World Bank, the (WB)
It is an interesting dilemma. The more quickly crews rebuild roads and bridges after a flood, the faster people can get moving, back to work, back to markets, back to school, back home. But a road that’s built quickly is often a road that is just as vulnerable to flooding as the one it replaces.
Phase one of a post-disaster operation might be basic repair, to get cars and trucks moving again. But “phase two would be to ‘build it back better,’” says Kulwinder Singh Rao, a senior highway engineer at the World Bank. He is heading up the Mozambique Roads and Bridges Management and Maintenance Program. “That would be to take time and invest in durable design and construction for longer term assets like bridges and culverts. And,” he adds, “there is inherent tension between the two phases.”
With support from the World Bank and the Global Facility for Disaster Reduction and Recovery (GFDRR), the government of Mozambique is trying to reconcile that tension. The country is experiencing more frequent, more extreme weather-- longer dry spells, severe floods and frequent coastal storms are more common.
In January of 2013, catastrophic floods hit the lower Limpopo valley and other parts of southern Mozambique. They were the worst disaster to hit the country since the floods of 2000. The Limpopo floods caused 113 deaths and approximately 172,600 people had to be evacuated. The floods ruined nearly 89,000 hectares of cultivated land. The Mozambique government estimates flooding had a significant –negative--impact on economic growth, in part because of rising food prices. Food costs tend to hit the poorest hardest, and the 2013 floods were in the agriculturally rich Gaza province.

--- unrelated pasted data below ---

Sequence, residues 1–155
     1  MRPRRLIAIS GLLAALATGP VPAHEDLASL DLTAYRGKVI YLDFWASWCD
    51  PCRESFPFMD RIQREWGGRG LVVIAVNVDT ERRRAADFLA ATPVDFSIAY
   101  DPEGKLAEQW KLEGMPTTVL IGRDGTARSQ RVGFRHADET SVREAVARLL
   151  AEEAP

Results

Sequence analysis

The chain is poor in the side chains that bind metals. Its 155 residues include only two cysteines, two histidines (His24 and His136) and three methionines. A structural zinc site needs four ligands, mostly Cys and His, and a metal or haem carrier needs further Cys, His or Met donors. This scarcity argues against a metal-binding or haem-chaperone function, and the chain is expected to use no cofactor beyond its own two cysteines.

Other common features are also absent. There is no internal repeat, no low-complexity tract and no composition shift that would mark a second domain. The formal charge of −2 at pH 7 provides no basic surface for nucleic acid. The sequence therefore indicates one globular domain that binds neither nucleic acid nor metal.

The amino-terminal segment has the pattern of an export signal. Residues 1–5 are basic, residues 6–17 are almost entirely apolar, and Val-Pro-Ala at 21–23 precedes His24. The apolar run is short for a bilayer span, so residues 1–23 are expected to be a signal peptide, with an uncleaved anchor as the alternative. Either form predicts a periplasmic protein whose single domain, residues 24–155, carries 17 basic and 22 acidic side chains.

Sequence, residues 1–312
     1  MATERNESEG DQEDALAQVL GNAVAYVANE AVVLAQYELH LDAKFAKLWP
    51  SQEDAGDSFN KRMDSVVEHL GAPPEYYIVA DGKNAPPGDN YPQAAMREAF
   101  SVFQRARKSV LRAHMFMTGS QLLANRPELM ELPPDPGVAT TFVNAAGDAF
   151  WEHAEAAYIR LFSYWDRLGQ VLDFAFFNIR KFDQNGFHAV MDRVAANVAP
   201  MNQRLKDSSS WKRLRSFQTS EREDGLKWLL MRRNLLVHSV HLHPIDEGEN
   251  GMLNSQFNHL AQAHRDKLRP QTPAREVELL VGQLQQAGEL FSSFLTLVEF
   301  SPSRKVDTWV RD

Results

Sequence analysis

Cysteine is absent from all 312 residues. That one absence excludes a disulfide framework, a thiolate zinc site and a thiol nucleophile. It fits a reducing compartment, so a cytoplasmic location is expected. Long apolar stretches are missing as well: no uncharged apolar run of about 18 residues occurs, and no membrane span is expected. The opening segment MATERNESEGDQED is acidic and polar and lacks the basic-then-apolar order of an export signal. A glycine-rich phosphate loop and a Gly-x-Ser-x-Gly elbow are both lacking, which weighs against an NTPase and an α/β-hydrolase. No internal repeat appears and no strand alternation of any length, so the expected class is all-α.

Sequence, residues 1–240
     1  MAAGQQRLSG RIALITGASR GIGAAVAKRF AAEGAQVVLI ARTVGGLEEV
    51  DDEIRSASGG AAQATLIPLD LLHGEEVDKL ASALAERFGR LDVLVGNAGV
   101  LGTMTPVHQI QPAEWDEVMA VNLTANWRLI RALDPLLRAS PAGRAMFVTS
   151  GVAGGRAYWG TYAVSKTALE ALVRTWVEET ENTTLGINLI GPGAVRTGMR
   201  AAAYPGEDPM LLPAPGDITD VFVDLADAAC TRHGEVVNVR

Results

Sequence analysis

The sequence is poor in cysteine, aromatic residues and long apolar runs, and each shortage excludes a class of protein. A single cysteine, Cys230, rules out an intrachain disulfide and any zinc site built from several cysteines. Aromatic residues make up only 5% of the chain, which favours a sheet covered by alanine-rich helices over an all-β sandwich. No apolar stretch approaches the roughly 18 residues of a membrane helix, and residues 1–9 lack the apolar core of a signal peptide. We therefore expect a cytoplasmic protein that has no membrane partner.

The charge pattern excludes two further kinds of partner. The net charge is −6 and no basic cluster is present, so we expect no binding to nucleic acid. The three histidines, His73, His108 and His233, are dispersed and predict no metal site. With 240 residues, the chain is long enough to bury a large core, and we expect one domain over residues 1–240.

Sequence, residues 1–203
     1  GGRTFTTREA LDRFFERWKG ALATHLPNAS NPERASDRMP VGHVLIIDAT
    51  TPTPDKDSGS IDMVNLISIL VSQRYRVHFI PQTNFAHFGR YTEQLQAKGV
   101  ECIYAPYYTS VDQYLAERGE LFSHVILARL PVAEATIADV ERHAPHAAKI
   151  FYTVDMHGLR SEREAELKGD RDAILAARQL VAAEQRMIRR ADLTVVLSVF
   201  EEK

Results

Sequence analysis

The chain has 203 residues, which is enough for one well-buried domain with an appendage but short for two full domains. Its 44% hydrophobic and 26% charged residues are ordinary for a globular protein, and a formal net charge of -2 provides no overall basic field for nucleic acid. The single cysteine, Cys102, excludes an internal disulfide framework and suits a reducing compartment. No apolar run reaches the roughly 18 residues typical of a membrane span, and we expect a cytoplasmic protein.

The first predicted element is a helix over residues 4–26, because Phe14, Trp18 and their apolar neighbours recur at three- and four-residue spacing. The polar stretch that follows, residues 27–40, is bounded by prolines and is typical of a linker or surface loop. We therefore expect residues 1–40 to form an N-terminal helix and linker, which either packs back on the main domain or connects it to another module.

Before the Limpopo floods, the government of Mozambique had targeted basic infrastructure investment as the single most important contribution to growth and to improving the lives of the country’s poor. The World Bank, with financing from IDA, IBRD and the GFDRR, is supporting a long-term project that aims to improve access to markets via secondary and tertiary roads, and supporting trade, tourism and national unity via main roads. To do that, the project is working to:
Then the floods came. And the project’s goals moved to include layering climate adaptation over the work already in progress. The new resilience-oriented focus includes looking at Mozambique’s
And because of recurring flooding, Kulwinder Singh Rao explains, “we are forced to go back and check and see if what we are doing is working or if it’s back to the drawing board.” Pilot programs to design and test climate-resilient infrastructure are built into the project. With the World Bank’s help, about 800 kilometers of paved and unpaved roads and 30 main bridges and drainage structures will be restored and/or rehabilitated.
In the Limpopo lower basin, most of the roads are built on embankments and act as dykes. The floods damaged at least 18 stretches of paved roads and bridges, including three sections of the main national highway. Many flooded villages were completely cut off, and others were isolated from roads and had to be accessed by boat. About 70 percent of the province’s road network was damaged, which amounts to 2,200 km of roads, including 30 bridges and culverts, and 62 aqueducts.
Those living with the effect of the floods need permanent, reliable solutions now. The government, using local contractors and consultants, has temporarily restored major critically damaged links. With the emergencies fixed, managers and construction crews are turning to “building back better,” which demands more time, money and detailed engineering work.